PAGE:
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How Cloud Computing Works

Plain English

First, one must understand what the “cloud” is.  The “cloud” is really just a metaphor for a network such as the internet.  Next, different services, such as storage and applications, are distributed to an organization via the “cloud”.  So instead of storing all your information on your own personal computer or database, it is stored in a remote database that you do not have to run.  In order to use this service, a user would log into the “cloud” most likely with a username and password, then the user is given access to all their information and data that they have stored within the “cloud”.  This also includes applications that are within the “cloud”.  These applications require no installation; all you need is a computer with internet access and a web browser.  A prime example of this technology is Gmail; all you need is the internet to access your email.

Technical Terms

Cloud computing is the use of remote data centers in order to store/maintain data and applications.  Information is retrieved through connecting to these data centers via the internet.  All the users get the benefit of the information stored on these remote data centers without actually having to install/store the actual information or application onto their own device.  The end user requires no knowledge of the location of these data centers.  The end user/ company using the service provided by the company hosting these data centers must pay the hosting company a fee usually at the end of the month usually based off how much storage space they used, it’s useful to think of the fee’s that are paid like an electricity bill.  The amount of electricity used by the end user is monitored by the hosting company and then the end user is sent a bill at the end of the month.  This is how cloud computing bills/fees are handled too.

There are 3 main service methods for cloud computing.  Meaning that cloud computing providers usually offer their services in one of 3 different ways; Infrastructure as a service (Iaas), Platform as a service (Paas), and Software as a Service (Saas).  Iaas is sometimes referred to as Hardware as a service, this just means that the service provider is providing storage, hardware, servers and networking components used in cloud computing.  Platform as a service providers offer customers the opportunity to rent servers and services related to developing and testing new applications or just running other applications.  This includes web servers, databases, and developmental tools.  Overall, Platform as a service providers offer a computing platform that include all the above.  Software as a service may be what most people are familiar with; applications are hosted and made available to customer over a network.  A prime example of this is Google apps.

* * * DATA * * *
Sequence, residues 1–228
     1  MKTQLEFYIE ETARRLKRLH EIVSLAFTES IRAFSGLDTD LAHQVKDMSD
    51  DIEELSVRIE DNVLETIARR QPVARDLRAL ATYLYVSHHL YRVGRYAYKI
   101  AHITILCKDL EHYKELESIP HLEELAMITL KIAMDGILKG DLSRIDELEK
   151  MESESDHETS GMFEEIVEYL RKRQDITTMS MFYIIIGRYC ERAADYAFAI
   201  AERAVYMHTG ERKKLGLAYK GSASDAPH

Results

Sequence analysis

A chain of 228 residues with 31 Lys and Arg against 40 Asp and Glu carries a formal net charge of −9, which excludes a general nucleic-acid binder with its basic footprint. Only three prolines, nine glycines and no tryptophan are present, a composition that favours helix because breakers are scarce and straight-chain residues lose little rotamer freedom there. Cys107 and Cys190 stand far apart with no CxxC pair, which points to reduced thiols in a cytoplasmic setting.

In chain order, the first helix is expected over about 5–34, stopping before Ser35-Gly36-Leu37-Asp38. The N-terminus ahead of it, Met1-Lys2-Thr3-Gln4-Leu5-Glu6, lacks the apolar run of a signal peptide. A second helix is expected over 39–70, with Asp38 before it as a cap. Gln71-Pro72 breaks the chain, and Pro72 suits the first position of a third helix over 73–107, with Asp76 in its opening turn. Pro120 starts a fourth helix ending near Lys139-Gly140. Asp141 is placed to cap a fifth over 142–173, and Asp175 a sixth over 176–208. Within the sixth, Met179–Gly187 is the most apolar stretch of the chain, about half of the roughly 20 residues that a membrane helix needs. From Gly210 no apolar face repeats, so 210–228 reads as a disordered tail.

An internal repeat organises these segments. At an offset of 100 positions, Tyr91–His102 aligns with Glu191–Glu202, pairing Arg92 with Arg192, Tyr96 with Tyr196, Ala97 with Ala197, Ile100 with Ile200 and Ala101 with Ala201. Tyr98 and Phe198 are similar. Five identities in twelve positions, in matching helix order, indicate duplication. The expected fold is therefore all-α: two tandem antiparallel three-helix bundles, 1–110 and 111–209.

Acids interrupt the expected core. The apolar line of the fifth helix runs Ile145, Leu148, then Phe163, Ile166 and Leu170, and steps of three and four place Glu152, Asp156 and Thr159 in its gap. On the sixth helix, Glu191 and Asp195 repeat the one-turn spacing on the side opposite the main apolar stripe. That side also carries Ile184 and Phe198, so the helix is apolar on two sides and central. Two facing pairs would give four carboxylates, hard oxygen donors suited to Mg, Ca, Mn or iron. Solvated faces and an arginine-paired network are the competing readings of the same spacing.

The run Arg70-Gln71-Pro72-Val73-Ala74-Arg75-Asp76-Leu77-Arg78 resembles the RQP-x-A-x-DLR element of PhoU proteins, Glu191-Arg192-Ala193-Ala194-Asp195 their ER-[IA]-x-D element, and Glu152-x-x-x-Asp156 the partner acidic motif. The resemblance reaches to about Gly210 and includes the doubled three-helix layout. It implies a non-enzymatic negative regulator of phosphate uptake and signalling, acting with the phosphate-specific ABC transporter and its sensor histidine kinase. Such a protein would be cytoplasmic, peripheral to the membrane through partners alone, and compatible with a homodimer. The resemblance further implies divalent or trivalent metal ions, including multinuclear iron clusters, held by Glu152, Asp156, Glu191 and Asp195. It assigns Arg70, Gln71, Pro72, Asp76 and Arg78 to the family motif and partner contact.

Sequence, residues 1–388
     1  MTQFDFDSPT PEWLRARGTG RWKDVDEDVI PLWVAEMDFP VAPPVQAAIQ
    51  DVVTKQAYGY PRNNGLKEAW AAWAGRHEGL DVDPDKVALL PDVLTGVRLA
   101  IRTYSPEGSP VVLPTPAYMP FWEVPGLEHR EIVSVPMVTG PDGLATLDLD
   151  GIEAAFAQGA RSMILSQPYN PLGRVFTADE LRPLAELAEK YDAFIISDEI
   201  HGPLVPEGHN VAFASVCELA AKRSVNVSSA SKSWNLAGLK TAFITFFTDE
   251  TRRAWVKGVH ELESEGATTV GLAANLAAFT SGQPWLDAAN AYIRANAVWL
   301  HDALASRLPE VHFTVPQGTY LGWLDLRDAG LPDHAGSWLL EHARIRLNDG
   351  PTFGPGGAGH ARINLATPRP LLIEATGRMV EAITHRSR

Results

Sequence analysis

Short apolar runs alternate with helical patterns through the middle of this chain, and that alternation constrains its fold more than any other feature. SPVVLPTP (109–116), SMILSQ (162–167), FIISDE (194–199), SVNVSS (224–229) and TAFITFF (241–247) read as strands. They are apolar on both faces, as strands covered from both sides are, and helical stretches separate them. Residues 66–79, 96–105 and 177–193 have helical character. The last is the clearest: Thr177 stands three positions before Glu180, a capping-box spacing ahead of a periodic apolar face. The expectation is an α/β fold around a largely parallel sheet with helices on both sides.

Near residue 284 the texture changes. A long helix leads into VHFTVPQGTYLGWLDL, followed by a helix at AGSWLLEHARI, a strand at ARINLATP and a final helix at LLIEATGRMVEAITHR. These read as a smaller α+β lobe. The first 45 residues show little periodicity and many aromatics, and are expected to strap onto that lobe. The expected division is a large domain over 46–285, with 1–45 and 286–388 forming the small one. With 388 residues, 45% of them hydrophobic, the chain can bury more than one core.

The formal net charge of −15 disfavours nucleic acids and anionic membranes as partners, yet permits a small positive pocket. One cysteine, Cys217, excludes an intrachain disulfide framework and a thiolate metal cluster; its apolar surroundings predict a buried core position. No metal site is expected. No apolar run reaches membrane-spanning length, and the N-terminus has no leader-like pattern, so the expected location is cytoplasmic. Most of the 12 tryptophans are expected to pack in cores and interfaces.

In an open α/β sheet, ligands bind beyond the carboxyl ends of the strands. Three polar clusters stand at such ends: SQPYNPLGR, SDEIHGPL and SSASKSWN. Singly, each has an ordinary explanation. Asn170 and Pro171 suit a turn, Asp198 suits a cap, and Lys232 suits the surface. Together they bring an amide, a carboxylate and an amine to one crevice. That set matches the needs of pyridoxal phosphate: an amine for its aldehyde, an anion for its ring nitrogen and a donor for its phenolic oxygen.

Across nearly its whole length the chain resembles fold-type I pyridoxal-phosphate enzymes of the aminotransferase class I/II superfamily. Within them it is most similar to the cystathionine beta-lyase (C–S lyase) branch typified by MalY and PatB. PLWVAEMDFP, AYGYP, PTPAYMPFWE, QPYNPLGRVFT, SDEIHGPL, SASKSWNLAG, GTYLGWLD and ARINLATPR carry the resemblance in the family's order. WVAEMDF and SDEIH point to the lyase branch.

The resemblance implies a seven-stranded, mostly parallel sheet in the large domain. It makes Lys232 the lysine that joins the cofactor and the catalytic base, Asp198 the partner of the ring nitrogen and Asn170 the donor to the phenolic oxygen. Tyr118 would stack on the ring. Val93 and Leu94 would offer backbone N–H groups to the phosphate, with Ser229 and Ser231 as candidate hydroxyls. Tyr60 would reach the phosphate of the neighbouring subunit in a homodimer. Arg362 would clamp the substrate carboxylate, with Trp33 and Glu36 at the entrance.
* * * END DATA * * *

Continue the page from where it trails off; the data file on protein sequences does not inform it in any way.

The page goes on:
There are several deployment methods that are used in cloud computing:

Public Cloud – all information and application is open to the general public
Community Cloud – information and applications are available to only a select few businesses or companies, forming a “community”
Private Cloud – everything is available only to a single company, usually these servers are managed internally, so the benefits of cloud computing are not as great for small private clouds
Hybrid Cloud – a combination of any of the above 3 methods, one important part of a hybrid cloud is called Bursting.  Bursting is allowing a private cloud to “burst” onto a public cloud when more storage or processing power is needed

Currently, since cloud computing is such a new and booming technology, there really is no set of standards or protocols that companies use unanimously.  That being said, there are huge efforts by standardization organizations to bring this under control.  Most businesses are left to themselves to decide what type of standards they use.  This can lead to a large number of problems.  Providers do not have a standard API; so most of the APIs out there are unique and not interoperable or interchangeable.

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